Marsha P. Johnson, trans icon and revolutionary figure in the movement for the liberation of all LGBTQ people, was found dead in the Hudson River on this day twenty-five years ago. Her legacy as the “Rosa Parks” of the LGBTQ rights movement lives on today, and has recently been reexamined in a Netflix-acquired documentary of her life and death.
Raised in New Jersey by a disapproving mother, Johnson moved New York City in the early 1960s to become “the biggest drag queen in the world” and quickly became a fixture in the vibrant queer scene of Greenwich Village. A sex worker and performer, Johnson was a regular at the Stonewall Inn and called herself one of the “Stonewall Girls.”
It’s been long rumored that Johnson helped start the Stonewall uprising on June 28, 1969, with people claiming to this day that she threw the first brick that shattered the bar’s windows. Throughout her life Johnson denied this urban legend, saying that she didn’t arrive at the bar until the riot was well underway at 2:00am, but it’s a testament to her lasting influence that so many people still believe it.
Johnson joined the Gay Liberation Front in 1970 and later linked up with close friend Sylvia Ramirez, another trans woman of color, to create the Street Transvestite Action Revolutionaries (S.T.A.R.), a gay, gender non-conforming and transgender activist organization. The two also founded S.T.A.R. House, the first shelter for gay and trans youth in 1972, providing food, clothing, housing and advice to the kids who came through their doors. They were a visible presence at liberation marches and pride rallies, fighting for the inclusion of trans people and draq queens in the movement and battling the respectability politics of the emerging gay mainstream.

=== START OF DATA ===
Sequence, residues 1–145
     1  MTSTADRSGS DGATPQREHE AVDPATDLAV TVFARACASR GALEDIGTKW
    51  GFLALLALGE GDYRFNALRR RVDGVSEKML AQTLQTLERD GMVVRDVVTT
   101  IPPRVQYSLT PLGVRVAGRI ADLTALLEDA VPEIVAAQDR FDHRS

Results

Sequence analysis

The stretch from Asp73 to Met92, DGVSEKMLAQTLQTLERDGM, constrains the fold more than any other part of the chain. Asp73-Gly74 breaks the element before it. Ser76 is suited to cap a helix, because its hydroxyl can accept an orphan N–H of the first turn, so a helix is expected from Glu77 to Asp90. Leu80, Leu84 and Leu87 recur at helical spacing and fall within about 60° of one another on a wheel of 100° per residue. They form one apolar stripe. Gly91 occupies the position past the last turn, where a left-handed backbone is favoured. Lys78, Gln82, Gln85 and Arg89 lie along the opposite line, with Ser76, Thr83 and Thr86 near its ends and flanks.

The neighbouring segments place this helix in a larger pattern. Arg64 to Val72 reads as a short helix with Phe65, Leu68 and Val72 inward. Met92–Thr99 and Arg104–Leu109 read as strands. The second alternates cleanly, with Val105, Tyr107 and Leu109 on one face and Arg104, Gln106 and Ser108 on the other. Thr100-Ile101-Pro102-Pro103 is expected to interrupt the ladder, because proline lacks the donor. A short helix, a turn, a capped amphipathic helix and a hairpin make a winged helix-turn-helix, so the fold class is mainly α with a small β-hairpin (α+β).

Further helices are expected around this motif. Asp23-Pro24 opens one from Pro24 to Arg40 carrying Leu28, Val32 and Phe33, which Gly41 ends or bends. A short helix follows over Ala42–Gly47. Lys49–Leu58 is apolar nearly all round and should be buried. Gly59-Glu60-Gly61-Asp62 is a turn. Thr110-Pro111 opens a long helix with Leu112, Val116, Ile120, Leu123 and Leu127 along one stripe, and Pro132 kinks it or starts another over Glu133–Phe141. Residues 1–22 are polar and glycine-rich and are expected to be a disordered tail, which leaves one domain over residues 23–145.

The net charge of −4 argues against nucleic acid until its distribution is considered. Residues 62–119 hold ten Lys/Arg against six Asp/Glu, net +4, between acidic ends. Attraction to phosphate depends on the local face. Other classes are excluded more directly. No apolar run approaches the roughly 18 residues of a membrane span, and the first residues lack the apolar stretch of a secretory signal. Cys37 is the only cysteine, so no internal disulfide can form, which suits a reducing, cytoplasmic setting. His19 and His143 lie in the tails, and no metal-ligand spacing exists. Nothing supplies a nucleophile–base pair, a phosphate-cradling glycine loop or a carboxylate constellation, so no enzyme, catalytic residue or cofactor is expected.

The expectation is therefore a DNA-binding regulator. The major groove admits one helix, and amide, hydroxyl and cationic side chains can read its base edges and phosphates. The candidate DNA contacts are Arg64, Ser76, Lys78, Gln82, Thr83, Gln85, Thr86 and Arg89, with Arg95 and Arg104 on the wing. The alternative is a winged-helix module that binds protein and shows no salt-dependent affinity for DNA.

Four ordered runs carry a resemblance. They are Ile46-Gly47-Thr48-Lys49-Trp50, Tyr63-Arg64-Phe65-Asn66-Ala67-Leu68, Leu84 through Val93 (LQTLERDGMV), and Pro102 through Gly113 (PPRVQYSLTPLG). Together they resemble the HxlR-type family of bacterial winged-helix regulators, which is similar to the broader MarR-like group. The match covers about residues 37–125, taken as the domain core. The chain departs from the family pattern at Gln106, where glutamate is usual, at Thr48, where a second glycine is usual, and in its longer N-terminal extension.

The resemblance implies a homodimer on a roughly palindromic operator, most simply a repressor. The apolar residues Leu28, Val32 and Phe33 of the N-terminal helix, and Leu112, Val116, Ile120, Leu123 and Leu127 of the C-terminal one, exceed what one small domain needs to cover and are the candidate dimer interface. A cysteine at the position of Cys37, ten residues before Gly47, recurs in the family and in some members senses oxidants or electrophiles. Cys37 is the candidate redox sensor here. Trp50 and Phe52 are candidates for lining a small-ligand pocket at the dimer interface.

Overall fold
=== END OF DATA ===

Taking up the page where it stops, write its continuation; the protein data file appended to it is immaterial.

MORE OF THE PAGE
More than simply an activist, Johnson was a cultural icon. She was photographed by Andy Warhol in 1974 for a series on draq queens, was a member of J. Camicias’ performance troupe Hot Peaches, and famously told a judge when asked what the ‘P’ in her name stood for to “pay it no mind.”
Johnson continued her activism into the 1980s as a respected organizer with ACT UP, the AIDS Coalition to Unleash Power. Ten days before her body was found in 1992, Johnson revealed in an interview (seen in the documentary below) that she was HIV positive.
Shortly after the 1992 pride march, Johnson’s body was found floating in the Hudson River. Police quickly ruled her death a suicide, and though Johnson had a history of mental illness, her close friends were adamant that she was not suicidal. In 2012, trans activist Mariah Lopez successfully lobbied for the NYPD to reopen Johnson’s case and examine it as a possible homicide. As this important Twitter thread points out, the consistently disproportionate rate of violence against black trans women makes Johnson’s murder particularly suspect. (As GLAAD notes, 15 transgender women of color have been killed in America in 2017 alone).
“Almost single-handedly, Marsha P. Johnson and her best friend Sylvia Rivera touched off a revolution in the way we talk about gender today,” France told Variety. “Their names should be household words. But Marsha’s life was cut tragically short and Sylvia died shortly thereafter, the victim of a broken heart. Getting to know their story through the investigation undertaken by Victoria Cruz, a seminal activist in her own right, has been one of the great honors of my career.”